First Nations leaders gather in Ottawa to strengthen legal case against oil sands development
The Yinka Dene Alliance and indigenous leaders from across Canada and the US will spend the rest of the week working to build partnerships both within the government and without
First Nations leaders from across the US and Canada converged on Parliament Hill this morning to meet with politicians and add their signatures to two anti-oil sands documents, the Save the Fraser Declaration and the International Treaty to Protect the Sacred From Tar Sands Projects
Organized by the Yinka Dene Alliance, a coalition of First Nations in northern BC, the signing and subsequent press conference was intended to strengthen the two legal documents as well as create an opportunity for discussion between leaders and members of parliament.
Geraldine Thomas-Flurer, Enbridge Coordinator for the Yinka Dene Alliance, said the organization extended invitations to numerous MPs and government officials of all political stripes, and though the overall response has been strong, they have yet to hear from any members of the Conservative party.
The delegation of 13 people spent the day in back-to-back meetings and they will continue to meet with officials until the end of the day Friday.
“We’re meeting with a variety of MPs and different caucuses to talk to them about our position on everything.”
In spite of the silence from conservative MPs, Thomas-Flurer was pleased with the outcome of the visit so far.
“We’re very happy and I think coming here to Ottawa was very productive.”
The speakers used the opportunity to address Minister of Natural Resources Joe Oliver’s decision to appoint an envoy, an announcement indigenous leaders are less than thrilled about. Oliver revealed yesterday that Vancouver lawyer and chief federal negotiator on land claims in BC, Doug Eyford, has been appointed special advisor on First Nations consultation, speaking directly to First Nations groups affected by resource development—primarily the Enbridge Northern Gateway Pipeline—and report directly to the prime minister.
Oliver said over email that the government is committed to protecting the environment and supporting First Nations people.
“The natural resources sector currently supports 32,000 Aboriginal jobs across Canada, an increase of 1,000 from last year, and will result in opportunities for thousands more. Our Government respects our duty to consult with Aboriginal people,” he said. “In the meantime, we continue our work with Aboriginal groups to increase jobs, economic growth and prosperity.”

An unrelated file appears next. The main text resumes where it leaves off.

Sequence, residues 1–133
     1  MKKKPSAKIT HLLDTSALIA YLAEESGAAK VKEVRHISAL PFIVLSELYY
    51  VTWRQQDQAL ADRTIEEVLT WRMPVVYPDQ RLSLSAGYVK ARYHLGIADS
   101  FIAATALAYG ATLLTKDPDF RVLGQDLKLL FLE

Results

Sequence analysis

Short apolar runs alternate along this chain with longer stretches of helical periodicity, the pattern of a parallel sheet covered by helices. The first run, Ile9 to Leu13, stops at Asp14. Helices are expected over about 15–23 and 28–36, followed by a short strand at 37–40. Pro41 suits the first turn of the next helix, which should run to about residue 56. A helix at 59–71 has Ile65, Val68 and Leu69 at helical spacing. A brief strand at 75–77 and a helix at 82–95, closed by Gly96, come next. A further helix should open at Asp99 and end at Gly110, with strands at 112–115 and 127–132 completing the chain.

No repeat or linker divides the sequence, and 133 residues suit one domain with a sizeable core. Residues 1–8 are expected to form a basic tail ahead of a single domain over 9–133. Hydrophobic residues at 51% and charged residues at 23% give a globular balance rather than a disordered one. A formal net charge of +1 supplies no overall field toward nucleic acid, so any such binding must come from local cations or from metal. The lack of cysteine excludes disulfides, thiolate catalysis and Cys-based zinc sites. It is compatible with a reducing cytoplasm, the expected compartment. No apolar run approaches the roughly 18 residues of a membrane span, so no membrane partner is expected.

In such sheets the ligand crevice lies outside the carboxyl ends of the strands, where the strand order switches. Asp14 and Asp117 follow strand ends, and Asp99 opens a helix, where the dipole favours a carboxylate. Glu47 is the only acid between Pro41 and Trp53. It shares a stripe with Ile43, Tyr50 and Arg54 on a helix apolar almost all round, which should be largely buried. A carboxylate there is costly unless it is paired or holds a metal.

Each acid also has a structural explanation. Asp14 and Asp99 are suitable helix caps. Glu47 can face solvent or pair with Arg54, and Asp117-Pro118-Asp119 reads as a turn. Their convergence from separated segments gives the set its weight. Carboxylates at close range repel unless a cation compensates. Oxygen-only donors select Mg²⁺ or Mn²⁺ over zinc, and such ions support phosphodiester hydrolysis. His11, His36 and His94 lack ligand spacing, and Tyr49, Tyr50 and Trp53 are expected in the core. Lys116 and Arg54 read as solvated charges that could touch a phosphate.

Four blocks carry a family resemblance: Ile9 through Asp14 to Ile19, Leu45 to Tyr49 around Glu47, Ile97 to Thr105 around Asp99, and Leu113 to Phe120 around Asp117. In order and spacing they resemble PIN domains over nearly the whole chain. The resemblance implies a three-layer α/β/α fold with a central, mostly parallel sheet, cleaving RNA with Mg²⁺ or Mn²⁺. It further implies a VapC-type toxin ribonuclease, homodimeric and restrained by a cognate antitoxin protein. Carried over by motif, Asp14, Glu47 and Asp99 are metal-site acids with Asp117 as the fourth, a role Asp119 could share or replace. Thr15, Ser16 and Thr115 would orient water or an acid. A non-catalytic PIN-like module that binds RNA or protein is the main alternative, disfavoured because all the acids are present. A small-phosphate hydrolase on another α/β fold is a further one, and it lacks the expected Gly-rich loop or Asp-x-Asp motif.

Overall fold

Thomas-Flurer said she believes the envoy is redundant, especially since Oliver has said Eyford won’t interfere with the Joint Review Panel hearings on the Northern Gateway Pipeline, or the hearing process of any other projects.
“What’s this person’s mandate? If you look at the time lines he’s given, they’re very unrealistic,” she said, adding that many of the chiefs present at today’s gathering see the appointment as little more than a tactic to appease First Nations. “We’re just going to keep remaining focused on what we’re doing and we’re not going to be deterred.”
Rueben George, Sundance Chief of the Tsleil-Waututh First Nation is also skeptical about the value of the new position.
“Why do they want to consult when we’re already opposing? We’re already saying no.” George also takes issue with the way some media reported on the conference, citing the CBC broadcast of the event that characterized the speakers as angry and harsh.
“There are relatives in Alberta that are getting sick, that are getting cancer,” he said. “They can’t bathe their children for more than a few minutes because the water’s so polluted.” He said discussing these issues in public is less about anger and more about painting a realistic picture of life in the areas affected by the oil and gas industry.
“Those are the harsh facts. We encourage all Canadians to know the truth.” George said he has been working closely with Burnaby-Douglas MP Stewart Kennedy, and has plans to meet with members of the NDP opposed to the pipelines tomorrow to discuss plans for the future.
“Our next step is to continue to educate Canadians, continue to look at our legal strategy.”
Phil Lane, hereditary chief of the Yankton Sioux people of South Dakota, said the display of unity between nations and the addition of new names to the Save the Fraser Declaration and the new treaty drafted in January in opposition to tar sands development mean the gathering was a step forward.
“There was really a very, very united front,” he said. “As this unity becomes more apparent and has more people signing the International Treaty to Protect the Sacred From Tar Sands Projects, it just has a lot more weight.” He said leaders are currently in the process of registering the treaty with the United Nations.